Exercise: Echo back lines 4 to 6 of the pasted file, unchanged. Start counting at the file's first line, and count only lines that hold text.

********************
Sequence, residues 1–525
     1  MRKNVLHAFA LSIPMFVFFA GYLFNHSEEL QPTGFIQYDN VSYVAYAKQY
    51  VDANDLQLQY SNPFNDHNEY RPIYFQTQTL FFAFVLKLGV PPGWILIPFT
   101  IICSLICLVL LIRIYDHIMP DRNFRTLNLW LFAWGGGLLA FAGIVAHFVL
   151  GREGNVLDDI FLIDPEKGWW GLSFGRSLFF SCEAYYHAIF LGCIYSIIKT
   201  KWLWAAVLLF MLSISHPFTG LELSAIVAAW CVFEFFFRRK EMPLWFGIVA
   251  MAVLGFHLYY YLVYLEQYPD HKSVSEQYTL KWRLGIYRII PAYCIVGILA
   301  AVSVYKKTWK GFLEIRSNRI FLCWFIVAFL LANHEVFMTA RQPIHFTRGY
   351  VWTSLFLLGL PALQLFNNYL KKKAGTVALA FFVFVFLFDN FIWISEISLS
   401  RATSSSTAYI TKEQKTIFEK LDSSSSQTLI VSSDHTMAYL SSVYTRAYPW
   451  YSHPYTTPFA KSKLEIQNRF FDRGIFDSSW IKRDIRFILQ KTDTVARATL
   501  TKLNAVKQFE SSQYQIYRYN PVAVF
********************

   101  IICSLICLVL LIRIYDHIMP DRNFRTLNLW LFAWGGGLLA FAGIVAHFVL
   151  GREGNVLDDI FLIDPEKGWW GLSFGRSLFF SCEAYYHAIF LGCIYSIIKT
   201  KWLWAAVLLF MLSISHPFTG LELSAIVAAW CVFEFFFRRK EMPLWFGIVA